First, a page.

By: Carson Field
With two outs in the bottom of the ninth, Tyler Brosius held the game in his hand — literally. The Braves needed just one more pitch to clinch their sixth win of the season.
A submarine pitcher, Brosius dipped, scraped his knuckles against the mound and released an off-speed pitch toward Wareham’s Matt McLain. The changeup floated and sunk, causing McLain to miss for strike three.
Just like that, Bourne secured its sixth victory with Brosius’ help. But this wasn’t the first time he’s come in clutch. Brosius has posted a flawless 0.00 ERA and three saves in five Cape League games this year.
Brosius’ journey to this point was similar to his pitching style: unconventional.
For most of Brosius’ career, he was a center fielder — and he was good at it. As a senior at Seton Hall Preparatory School in West Orange, New Jersey, he posted a .415 batting average with two home runs and 17 RBIs. This impressive stat line earned Brosius a scholarship at the University of Rhode Island, a Division I program.
His first season at the collegiate level didn’t go as planned, however. Brosius never saw the field in his freshman season, so he redshirted. And, as one opportunity disappeared, a new one took shape — pitching.
“Playing behind a really talented guy, I had to do what I did to play,” Brosius said. “I talked to my coaches my second year, and they gave me a bullpen.”
Before this, pitching was foreign to Brosius. In his only appearance prior to college — during his sophomore year of high school — he strained his UCL and missed the remainder of his season.
This early stepback made Brosius think the mound was not in his future.
“I stayed away from that,” Brosius said. “Really the only way I stayed with [pitching] is because of last effort.”
Brosius’ coaches at URI were just as wary about this switch to the mound.
“They were a little skeptical about dropping me down because obviously they hadn’t seen or heard anything that I could do it,” Brosius said. “They gave me a chance, and they were willing to work with me.”
This adjustment took time to master. In his first season pitching for the Rams, Brosius made just four appearances, posting an 8.26 ERA in 3.1 innings. He earned more playing time a year later, but his ERA skyrocketed to 12.34.
With two more years of eligibility remaining, Brosius did whatever he could to sharpen his craft in the summer of 2018.
“I was throwing at fences whenever I could and working on pitches,” Brosius said. “Really just focusing on the fastball in the zone, and that’s pretty much what my coaches preached.”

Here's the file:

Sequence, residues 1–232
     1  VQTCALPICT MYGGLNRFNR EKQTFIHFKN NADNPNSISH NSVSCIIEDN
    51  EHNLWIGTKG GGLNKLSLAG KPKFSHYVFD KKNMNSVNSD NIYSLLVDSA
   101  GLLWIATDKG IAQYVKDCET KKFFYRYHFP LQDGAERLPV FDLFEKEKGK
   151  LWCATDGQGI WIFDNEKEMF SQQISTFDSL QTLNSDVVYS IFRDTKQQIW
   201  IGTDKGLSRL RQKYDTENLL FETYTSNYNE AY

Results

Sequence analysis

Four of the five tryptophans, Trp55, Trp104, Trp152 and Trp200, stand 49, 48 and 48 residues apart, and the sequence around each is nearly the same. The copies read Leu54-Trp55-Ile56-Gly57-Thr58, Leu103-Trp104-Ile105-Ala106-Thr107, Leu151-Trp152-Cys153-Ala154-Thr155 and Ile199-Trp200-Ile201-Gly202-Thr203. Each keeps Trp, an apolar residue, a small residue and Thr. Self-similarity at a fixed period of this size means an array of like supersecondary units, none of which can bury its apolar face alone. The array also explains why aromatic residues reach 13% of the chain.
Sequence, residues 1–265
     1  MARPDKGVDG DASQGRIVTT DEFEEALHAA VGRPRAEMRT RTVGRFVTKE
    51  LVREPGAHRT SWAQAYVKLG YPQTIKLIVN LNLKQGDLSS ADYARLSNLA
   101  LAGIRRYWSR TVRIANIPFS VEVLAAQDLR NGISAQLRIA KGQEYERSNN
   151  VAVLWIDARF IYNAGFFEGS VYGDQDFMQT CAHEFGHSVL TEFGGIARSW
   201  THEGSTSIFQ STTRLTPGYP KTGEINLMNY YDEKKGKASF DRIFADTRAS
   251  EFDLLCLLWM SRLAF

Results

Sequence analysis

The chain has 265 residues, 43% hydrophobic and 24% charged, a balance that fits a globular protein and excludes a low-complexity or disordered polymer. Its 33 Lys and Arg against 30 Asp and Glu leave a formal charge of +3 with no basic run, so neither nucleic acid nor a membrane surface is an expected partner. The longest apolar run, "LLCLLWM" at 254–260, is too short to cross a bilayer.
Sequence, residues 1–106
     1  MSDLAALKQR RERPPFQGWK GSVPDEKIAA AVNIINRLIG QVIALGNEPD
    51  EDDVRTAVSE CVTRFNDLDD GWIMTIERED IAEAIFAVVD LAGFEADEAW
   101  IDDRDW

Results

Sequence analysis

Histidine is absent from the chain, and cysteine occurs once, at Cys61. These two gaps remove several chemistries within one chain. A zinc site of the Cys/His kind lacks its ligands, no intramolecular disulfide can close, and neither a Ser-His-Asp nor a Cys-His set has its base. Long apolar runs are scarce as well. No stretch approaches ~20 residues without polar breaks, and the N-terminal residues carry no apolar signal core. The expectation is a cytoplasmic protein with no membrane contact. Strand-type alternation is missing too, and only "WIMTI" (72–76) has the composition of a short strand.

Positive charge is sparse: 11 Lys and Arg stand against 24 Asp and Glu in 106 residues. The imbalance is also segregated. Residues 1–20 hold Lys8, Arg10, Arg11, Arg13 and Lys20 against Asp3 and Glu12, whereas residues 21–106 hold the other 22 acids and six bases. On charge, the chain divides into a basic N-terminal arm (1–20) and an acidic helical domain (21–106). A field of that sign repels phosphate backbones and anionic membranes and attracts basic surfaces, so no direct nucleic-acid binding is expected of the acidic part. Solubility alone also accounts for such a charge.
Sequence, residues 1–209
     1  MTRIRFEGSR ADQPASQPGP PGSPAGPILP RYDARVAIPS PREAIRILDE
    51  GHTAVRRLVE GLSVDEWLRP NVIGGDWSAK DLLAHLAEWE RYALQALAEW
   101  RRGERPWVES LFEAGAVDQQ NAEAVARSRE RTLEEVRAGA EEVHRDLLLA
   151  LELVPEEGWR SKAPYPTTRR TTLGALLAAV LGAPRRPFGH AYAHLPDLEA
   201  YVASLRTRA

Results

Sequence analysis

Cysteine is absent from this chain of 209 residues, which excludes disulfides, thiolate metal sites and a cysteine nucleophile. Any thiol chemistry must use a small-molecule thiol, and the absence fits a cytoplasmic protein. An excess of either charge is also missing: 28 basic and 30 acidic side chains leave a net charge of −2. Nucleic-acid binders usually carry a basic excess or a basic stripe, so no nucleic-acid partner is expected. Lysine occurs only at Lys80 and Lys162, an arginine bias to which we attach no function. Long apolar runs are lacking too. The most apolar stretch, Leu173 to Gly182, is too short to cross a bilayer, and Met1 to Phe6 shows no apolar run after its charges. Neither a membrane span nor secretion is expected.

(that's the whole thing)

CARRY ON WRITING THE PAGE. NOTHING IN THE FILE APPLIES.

That dedication paid off. In his junior year, 2019, Brosius became a key component of Rhode Island’s bullpen. Brosius compiled a 6-2 record and a team-best 2.27 ERA.
It took a while for Brosius to settle in and understand the schematics of pitching. But his improvement in 2019 is an indicator of his quick learning.
“Being on the mound, you’re the full point of everybody’s attention,” Brosius said. “It took a little bit of time to get used to that, but after settling in and realizing you control the game, everything around you is in your favor.”
Not only was this improvement on display in the stat sheet, it was noticeable in his command. One of Brosius’ teammates at URI — Falmouth infielder Jackson Coutts — can attest to this.
“This past year, he really found it and can pretty much throw wherever you want him to,” Coutts said. “It was pretty cool to see.”
His success didn’t stop there. Ever since the 2019 Cape League season began, Brosius has been one of the league’s most exceptional hurlers. Brosius hasn’t allowed a hit in 6.1 innings of work and is tied for second in the league with three saves.
This hot start has given Brosius confidence that he can pitch at his highest level against some of the nation’s best players.
“Being able to settle down in front of all the fans and scouts and playing behind all the great players here — it’s incredible,” Brosius said.
In just a few appearances, Brosius has already impressed Bourne pitching coach Ace Adams.
“I have no idea how he’s developed so quickly,” Adams said. “He works quickly, he’s around the strike zone.
“Hitters don’t see it until it’s out of his hand. I don’t think that’s a very good thing for hitters if they can’t see it too well.”
After the Cape season, Brosius will return to URI, where he will continue to work toward his main goal: pitch in the big leagues.
But that won’t be easy. For years, scouts have scrutinized sidearm pitchers for their non-traditional delivery. Talented players like Chad Bradford, Brad Ziegler and Steve Cishek have been critiqued for their atypical releases, despite producing sound numbers.
Adams has coached at the minor-league level for decades, training pitchers with both traditional and submarine releases. Of the countless submarine pitchers Adams has coached, Brosius is among the most talented. His quick development and off-speed precision set him apart.
“I’m such a fan of this kid that I’m really promoting for him to get signed,” Adams said. “I’ve had a couple guys in the minor leagues who throw like him, and they’ve been very successful.
“He has to get an opportunity.”
In just a few years of pitching, players and fans have thrown various names and insults toward Brosius about why he can’t make it to the MLB. This only increases his drive to get there.
“I’ve been called a gimmick; I’ve been called weird,” Brosius said. “I have to play into my own strengths and really depend on my defense to get my back. Whatever role they need me in, I’ll play.”